7 August 2014
Twelfth Sunday after Pentecost
Proper 14C (RCL)
Isaiah 1:1, 10-20
Psalm 50:1-8, 23-24
Hebrews 11:1-3, 8-16
At first sight, the passage from Luke’s Gospel looks like Luke just strung some several loosely related sayings of Jesus to make this unit. The saying, “Do not fear, little flock,” seems to belong to what came before, which was a set of saying about not worrying about what to wear or what to eat, but it then shifts to an emphasis on incorruptible treasure. Then follows the saying about good slaves waiting for the return of the master from the wedding feast. If he finds them ready when he returns, he will have them recline at table and serve them. Then, we shift to the thief coming in the night. In both instances, returning master and thief in the night, Jesus (or the Son of Man) is the one who arrives.
This poses an odd contrast. Is Jesus’ return something to be anticipated with hope, or with fear? The sayings make sense if the answer to that question depends on one’s attitude. If one has sold all one has, given alms, and put one’s treasure in heaven, then one anticipates Jesus’ return with hope and joy. If, like the rich man who built bigger barns, one has stored up treasure here on earth, Jesus’ return is like the thief who arrives unexpectedly to steal the treasure. These sayings, then, make an integral unit to finish off the foregoing teachings about wealth and trust.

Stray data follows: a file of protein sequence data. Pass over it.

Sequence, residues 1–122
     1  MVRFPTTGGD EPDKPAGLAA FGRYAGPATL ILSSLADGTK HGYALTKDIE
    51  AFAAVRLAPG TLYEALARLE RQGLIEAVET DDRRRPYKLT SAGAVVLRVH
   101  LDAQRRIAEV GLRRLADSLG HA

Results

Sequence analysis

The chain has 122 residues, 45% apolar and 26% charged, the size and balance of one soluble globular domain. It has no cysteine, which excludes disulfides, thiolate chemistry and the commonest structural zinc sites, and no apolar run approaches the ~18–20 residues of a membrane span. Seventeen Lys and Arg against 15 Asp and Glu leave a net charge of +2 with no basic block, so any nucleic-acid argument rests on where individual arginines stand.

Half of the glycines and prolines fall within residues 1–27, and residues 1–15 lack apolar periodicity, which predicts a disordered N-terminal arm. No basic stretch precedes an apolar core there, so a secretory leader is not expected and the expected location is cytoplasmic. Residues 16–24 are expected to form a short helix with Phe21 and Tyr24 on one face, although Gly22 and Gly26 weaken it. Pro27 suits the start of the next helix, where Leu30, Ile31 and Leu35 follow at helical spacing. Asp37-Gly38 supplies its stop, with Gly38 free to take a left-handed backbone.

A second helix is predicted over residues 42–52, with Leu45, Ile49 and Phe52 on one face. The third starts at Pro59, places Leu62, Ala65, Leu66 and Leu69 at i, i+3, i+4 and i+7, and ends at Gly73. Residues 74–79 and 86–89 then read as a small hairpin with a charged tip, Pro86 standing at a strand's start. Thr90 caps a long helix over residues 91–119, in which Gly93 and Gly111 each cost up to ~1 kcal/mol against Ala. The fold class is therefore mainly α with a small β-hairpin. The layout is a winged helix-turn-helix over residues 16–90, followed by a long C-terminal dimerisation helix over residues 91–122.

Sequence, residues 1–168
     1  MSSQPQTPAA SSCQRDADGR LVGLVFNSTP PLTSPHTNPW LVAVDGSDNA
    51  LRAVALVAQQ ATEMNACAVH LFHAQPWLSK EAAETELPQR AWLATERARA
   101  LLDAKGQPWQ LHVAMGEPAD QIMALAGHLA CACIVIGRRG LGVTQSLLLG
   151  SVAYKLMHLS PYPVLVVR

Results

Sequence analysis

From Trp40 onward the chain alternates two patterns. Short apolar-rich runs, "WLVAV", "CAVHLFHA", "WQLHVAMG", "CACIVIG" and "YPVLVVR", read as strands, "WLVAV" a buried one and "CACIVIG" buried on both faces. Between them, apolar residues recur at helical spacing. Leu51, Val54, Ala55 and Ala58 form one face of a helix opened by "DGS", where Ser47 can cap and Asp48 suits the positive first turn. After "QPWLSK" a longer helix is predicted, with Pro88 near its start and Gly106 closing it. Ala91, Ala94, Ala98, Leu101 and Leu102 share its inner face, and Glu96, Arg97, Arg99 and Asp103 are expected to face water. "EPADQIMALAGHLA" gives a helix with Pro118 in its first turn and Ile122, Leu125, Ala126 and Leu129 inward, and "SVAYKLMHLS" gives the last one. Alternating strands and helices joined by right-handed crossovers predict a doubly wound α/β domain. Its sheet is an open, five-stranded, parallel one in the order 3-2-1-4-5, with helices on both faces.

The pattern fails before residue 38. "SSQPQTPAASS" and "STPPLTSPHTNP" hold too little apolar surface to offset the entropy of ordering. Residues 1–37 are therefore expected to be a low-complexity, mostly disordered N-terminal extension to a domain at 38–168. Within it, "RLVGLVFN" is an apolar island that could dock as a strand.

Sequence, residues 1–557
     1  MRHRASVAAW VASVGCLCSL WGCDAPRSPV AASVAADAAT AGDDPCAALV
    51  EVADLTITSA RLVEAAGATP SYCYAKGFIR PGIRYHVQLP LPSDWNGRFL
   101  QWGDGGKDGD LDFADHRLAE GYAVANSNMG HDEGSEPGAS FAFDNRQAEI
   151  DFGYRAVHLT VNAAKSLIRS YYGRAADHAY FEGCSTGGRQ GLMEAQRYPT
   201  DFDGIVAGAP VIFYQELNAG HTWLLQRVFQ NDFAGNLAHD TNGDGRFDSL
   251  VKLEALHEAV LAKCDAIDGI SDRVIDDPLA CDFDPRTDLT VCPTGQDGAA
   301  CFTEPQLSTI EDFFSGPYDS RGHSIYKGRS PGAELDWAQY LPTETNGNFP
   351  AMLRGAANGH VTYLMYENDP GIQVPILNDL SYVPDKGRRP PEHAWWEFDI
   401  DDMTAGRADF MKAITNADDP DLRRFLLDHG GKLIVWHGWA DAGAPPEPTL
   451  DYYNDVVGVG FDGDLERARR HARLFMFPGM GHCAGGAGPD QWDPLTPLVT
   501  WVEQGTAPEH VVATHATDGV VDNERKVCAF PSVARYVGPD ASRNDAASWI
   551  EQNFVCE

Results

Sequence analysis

The passage from the Letter to the Hebrews approaches the question about trust in the future from a different angle. Faith, according to the author, is the substance of things hoped for. The NRSV’s translation “assurance” is a stretch. The Greek word is hypostasis, which means something like foundation, something which undergirds, and gets taken up in Nicene theology to mean the real nature of a thing. All of the examples of faith given by Hebrews looked forward to a city with foundations where they might dwell, even during their exile as foreigners living in tents. If they were imagining the land they left, they had the opportunity to return. In our current political climate, there are plenty of people who want to go back to an imaginary time in the past (which of course never existed), because the future seems scary.
Isaiah continues the prophetic tradition of criticizing the people for their failure of justice. Sacrifices are of no effect without justice. God is weary of sacrifices, weary of lip service, weary of religion without justice. The psalm reminds us of the purpose of sacrifice — the meal sealed the covenant. The covenant called for justice, for fair treatment of the orphan and widow. Leviticus, the same book that gives such explicit instructions on which sacrifices are required for what circumstances, also commands the people not to harvest their field to the edge, nor to pick up the gleanings of field and vineyard, in order that the poor may have sufficient. The offering of bread or animal is of no value if it has been acquired without justice.
The investment of our life into the community of the covenant means that we can anticipate the future with hope. If we have hoarded good for ourselves, we must look to the future in fear.